This tale is a long, pleasant narration of Mr Rat's misadventures with his fellow creatures: first, with animals of the air and especially the Hawk (Circus approximans); and then animals of the sea, above all the Octopus. This story consists of several parts:  the Rat is paddling in his canoe, but several birds harass him, wanting to embark with him (this gives the tale its song); the boat nearly sinks.  while on the boat, the Rat steals a piece of yam belonging to the Hawk; the Hawk takes his revenge by making the boat sink.  the Rat swims to escape death, and asks for the help of a shark, of the Turtle, of the Dolphin, and finally the Octopus accepts to carry him. But when the Octopus realises the Rat is laughing at him, he tries to kill him.  the last part is an etiological reflection about how this story accounts for nowadays rats and octopuses. We believe this version probably mingles more than one traditional plot: in particular, the first part  is a crescendo which should naturally result in the boat sinking, but the episode of the hawk  brings in a new suspense; finally, the story with the octopus could form a whole tale per se. The result of this assortment is a pleasant, poetic and lively tale, in which each animal is endowed with its own human-like psychology and world. The personification of animals is patent in the many details of the story (e.g. the rat is going to have lunch with his Mum, or the birds threaten him with telling everything to their Dad when he comes back home), but it is also visible linguistically, through their genitive and object marking.<
This holy story tells how a village (now Sope) in Araki was released from the spell of a devil, by a Christian Pastor called Sope. This devil used to hide in a hollow tree close to the road, and would kill people by just dropping some of his poisonous rain water kept in the tree. This early missionary, who belonged to the T.T.I. (Tangoa Training Institute) Bible college on Tangoa, was one of the first Presbyterians who came to Araki to fight the 'dark ages' of paganism, at the end of the nineteenth century. He freed the place from its heathen fears and taboos, bringing the Christian word of God. The village of Sope was named after him.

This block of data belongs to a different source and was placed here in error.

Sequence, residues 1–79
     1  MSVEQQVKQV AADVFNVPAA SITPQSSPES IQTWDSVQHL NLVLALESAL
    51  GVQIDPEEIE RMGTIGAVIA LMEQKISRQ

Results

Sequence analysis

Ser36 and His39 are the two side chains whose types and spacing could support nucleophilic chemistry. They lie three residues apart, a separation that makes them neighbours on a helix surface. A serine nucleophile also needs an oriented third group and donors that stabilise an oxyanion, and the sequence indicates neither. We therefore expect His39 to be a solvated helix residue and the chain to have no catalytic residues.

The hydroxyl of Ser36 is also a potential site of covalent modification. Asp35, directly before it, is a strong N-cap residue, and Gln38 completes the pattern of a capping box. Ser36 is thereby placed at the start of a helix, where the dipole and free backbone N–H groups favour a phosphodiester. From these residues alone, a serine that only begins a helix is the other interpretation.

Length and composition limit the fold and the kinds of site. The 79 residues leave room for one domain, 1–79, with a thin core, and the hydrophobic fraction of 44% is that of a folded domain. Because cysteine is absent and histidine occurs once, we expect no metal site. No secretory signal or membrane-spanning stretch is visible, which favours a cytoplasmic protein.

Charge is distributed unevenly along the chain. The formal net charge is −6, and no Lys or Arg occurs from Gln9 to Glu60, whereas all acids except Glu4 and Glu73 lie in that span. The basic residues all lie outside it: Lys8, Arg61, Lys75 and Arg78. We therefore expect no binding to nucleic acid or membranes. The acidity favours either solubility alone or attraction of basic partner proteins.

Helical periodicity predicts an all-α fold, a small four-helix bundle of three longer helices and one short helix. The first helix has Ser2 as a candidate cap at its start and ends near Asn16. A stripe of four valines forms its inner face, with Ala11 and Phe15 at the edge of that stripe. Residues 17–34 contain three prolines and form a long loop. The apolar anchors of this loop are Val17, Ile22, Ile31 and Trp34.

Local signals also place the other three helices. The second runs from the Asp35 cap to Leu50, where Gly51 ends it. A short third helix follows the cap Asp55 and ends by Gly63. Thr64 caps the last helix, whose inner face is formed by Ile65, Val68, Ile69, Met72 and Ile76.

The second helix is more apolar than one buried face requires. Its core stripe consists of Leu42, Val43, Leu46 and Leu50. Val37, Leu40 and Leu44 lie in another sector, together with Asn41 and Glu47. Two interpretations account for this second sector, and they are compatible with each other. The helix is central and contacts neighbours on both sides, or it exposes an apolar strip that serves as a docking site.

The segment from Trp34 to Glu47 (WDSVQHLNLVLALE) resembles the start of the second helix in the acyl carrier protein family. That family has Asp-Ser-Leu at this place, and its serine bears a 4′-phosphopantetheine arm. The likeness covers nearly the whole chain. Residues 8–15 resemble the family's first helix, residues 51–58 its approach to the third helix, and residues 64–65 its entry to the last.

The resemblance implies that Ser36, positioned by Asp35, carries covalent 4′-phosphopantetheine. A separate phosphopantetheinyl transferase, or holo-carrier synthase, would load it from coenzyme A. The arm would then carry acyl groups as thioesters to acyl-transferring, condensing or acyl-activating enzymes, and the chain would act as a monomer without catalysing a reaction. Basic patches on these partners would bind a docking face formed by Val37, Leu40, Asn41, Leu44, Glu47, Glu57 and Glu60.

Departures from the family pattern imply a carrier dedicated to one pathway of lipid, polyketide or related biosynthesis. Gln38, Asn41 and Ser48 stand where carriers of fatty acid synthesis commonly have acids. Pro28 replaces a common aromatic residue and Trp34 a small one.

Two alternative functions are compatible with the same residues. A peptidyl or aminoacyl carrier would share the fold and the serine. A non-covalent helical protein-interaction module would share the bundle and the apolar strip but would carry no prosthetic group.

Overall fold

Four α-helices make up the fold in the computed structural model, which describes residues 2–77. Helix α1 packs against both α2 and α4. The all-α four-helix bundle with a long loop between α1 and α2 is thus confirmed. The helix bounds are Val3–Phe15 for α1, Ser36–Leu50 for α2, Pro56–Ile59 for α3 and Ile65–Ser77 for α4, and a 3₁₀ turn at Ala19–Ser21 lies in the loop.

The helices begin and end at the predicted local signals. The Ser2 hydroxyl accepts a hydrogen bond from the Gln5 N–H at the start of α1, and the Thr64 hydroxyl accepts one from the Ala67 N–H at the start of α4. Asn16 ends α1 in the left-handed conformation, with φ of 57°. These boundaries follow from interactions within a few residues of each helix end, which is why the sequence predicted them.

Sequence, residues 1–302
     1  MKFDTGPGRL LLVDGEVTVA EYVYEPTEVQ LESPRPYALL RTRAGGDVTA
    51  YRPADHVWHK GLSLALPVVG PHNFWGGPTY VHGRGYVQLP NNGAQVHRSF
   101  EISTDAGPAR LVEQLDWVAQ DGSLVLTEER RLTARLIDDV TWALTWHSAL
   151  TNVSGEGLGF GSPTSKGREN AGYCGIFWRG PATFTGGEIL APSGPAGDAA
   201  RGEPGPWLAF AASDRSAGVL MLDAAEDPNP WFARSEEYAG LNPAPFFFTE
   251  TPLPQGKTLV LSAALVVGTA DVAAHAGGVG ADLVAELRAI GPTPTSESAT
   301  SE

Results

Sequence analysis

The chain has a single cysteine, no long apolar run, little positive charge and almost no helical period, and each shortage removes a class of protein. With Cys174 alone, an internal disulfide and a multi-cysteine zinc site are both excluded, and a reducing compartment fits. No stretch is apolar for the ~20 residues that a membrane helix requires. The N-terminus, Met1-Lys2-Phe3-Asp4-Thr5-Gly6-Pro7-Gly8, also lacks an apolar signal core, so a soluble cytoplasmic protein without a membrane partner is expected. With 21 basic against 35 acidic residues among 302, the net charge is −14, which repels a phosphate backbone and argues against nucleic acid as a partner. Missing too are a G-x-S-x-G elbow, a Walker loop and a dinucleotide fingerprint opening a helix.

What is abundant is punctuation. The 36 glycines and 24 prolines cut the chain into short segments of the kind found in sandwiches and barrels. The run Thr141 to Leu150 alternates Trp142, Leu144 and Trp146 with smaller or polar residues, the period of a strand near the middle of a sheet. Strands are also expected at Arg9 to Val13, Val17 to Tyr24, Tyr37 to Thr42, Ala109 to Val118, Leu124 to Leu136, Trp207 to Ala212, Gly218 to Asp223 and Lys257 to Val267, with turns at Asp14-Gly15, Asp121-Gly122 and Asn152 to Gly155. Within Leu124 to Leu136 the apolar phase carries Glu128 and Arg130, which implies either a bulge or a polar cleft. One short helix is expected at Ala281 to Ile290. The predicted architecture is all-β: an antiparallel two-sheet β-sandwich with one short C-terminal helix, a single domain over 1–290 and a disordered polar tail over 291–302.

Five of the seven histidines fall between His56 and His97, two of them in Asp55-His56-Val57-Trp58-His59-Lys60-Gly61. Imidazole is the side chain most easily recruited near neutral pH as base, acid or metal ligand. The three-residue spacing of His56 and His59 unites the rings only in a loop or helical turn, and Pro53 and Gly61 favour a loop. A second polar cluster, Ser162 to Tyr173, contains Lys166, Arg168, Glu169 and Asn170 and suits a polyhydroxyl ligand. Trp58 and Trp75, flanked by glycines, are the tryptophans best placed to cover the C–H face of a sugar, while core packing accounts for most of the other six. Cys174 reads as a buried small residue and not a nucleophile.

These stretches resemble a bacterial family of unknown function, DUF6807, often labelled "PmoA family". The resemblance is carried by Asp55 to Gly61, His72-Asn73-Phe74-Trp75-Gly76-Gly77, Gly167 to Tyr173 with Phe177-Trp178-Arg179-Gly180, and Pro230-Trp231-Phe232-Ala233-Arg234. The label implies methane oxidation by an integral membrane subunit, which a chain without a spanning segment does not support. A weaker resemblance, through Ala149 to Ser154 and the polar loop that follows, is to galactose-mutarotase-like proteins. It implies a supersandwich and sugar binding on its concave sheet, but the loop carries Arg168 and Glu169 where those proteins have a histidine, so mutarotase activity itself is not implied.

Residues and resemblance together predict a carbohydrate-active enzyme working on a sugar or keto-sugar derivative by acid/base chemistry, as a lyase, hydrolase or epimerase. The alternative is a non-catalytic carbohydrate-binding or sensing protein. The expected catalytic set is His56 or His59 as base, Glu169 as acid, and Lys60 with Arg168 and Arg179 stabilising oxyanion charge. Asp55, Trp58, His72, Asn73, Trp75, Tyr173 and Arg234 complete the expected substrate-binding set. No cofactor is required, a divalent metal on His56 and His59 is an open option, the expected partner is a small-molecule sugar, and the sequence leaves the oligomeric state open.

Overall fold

It is the story of an evil spirit, who changed himself into a coconut crab and played a bad trick on a couple of men who were precisely looking for coconut crabs. That is when the hunter becomes the prey. Following widespread beliefs in the area, the worst thing with devils is their ability to transform themselves into anything they like, either a person or an animal, to get closer to their victims; this is how they 'lie' to people. The scene takes place in Rahuna, a spot in the western bush of Araki, where coconut crabs abound. This hunting activity is still popular on the island, since this animal is renouned for its taste.